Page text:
Sheila Wetherelt, volunteer co-ordinator at the Red Deer Food Bank Soceity, puts a hamper together Wednesday afternoon. The organization handed out 9,673 hampers in 2018, feeding more than 14,000 adults and more than 10,000 children in Central Alberta. Photo by Mamta Lulla/Advocate staff

Red Deer food bank to re-evaluate to stay up to date on new Canadian food guide

The Red Deer Food Bank Society, which feeds thousands of families every year, will check to see how its offerings compare to the new Canadian food guide.

Executive director Fred Scaife said the foodbank evaluates what it’s putting on people’s plates once every couple of years to stay up to date.

“We’re not quite two years since the last time (we evaluated), but obviously we will revisit the subject,” he said Wednesday. “Because we feed tens of thousands of people, so it’s up to us to understand what good, healthy eating is.”

In 2018, the local foodbank handed out 9,673 hampers feeding about 14,138 adults and 10,187 children in Central Alberta living below the poverty line.

In addition, 28,846 people accessed its client services area, which is open Monday to Friday.

The new food guide recommends Canadians eat vegetables, fruits, whole grains and choose plant-based proteins such as legumes, nuts and tofu more regularly.

Maj. Larry Bridger at The Salvation Army in Red Deer said he doesn’t expect to make too many changes to the food assistance programs that help adults and the weekend initiative that supports children.

“Because we don’t give out too many meat or dairy products, except for canned tuna or canned chicken,” Bridger said.

The organization does not provide dairy products due to a lack of refrigeration space – something Bridger noted is in line with the new food guide, which recommends fewer milk products.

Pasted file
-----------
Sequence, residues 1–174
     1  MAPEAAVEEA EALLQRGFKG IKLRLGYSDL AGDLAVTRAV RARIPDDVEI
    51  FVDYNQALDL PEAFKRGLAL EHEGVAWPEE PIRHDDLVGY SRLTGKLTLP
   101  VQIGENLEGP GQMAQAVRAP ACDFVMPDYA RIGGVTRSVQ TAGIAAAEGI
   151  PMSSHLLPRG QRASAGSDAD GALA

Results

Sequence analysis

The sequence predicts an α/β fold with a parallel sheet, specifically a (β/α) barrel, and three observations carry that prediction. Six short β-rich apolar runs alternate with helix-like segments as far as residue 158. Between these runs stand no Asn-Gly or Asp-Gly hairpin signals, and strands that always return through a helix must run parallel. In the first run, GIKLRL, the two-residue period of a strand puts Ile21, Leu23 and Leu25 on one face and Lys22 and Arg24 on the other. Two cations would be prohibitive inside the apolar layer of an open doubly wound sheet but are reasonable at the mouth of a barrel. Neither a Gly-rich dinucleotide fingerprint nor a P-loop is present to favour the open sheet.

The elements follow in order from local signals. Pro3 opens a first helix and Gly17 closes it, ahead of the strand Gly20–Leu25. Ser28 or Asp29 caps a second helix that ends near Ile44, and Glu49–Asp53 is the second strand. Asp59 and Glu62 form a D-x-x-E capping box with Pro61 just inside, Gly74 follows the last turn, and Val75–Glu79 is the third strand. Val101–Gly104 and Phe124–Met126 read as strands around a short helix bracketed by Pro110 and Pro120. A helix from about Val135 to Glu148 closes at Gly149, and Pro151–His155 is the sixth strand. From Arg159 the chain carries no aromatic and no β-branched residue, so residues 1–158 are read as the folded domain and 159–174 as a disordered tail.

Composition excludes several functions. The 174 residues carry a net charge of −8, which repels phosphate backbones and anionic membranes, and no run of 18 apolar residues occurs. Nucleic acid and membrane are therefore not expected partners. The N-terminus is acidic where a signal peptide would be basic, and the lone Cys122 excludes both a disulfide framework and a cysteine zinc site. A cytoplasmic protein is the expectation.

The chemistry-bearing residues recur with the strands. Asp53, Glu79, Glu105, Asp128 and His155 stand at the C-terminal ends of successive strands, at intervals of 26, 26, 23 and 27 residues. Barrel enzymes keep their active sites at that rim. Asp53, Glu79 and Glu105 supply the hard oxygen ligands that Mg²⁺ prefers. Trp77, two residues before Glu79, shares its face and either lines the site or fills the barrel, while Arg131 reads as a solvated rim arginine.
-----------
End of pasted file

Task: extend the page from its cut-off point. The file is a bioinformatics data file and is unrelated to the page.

He said The Salvation Army consulted with a nutritionist about the weekend children’s program, and it serves fruit juices, applesauce, oatmeal, fruit and pudding cups.

The adult program serves granola bars, canned tuna, soups and beans, canned fruits and vegetables, pasta and rice.

“We purchase what we feel are some of the staples,” said Bridger. “We don’t have the facility for fresh produce – fruit and so on.”

Scaife said the quality of food donations is far superior today, than say, 10 to 20 years ago.

“Twenty years ago, we got Kraft Dinner, we got tomato soup, we had no fruits and vegetables. The bread we got was usually three days old at least,” Scaife explained, based on his 20 years’ experience.

Families with children take priority when it comes to pure juices, healthier cereals and fruits and vegetables, over adults or couples.

“The hierarchy around here is children first.”

Scaife said that’s because children usually eat what parents put on the table, while adults can make the conscious choice of whether or not they want to eat a particular type of cereal.

This means sometimes, fruits and vegetables may not make it onto adults’ plates.

“If you’re single or a couple of adults, and supply is limited on that particular day, then you’re not going to leave with fruits and vegetables,” he said, adding it all boils down to supply.

He explained the fruits and vegetables the food bank does give out, may not be enough to accommodate the guidelines.

Scaife noted the food bank is an emergency and temporary source of supply.

“We cannot be your sole source of food – plain and simple. It’s just not possible in the numbers of people we deal with… it’s unsustainable,” he said.

“But the reality is we give what we can.”

The donor base today is aware of making healthier choices, such as real juice and non-sugary cereals, he said. That’s because the food bank has been clear about its guidelines, during food drives, for instance, for many years.

With files from The Canadian Press

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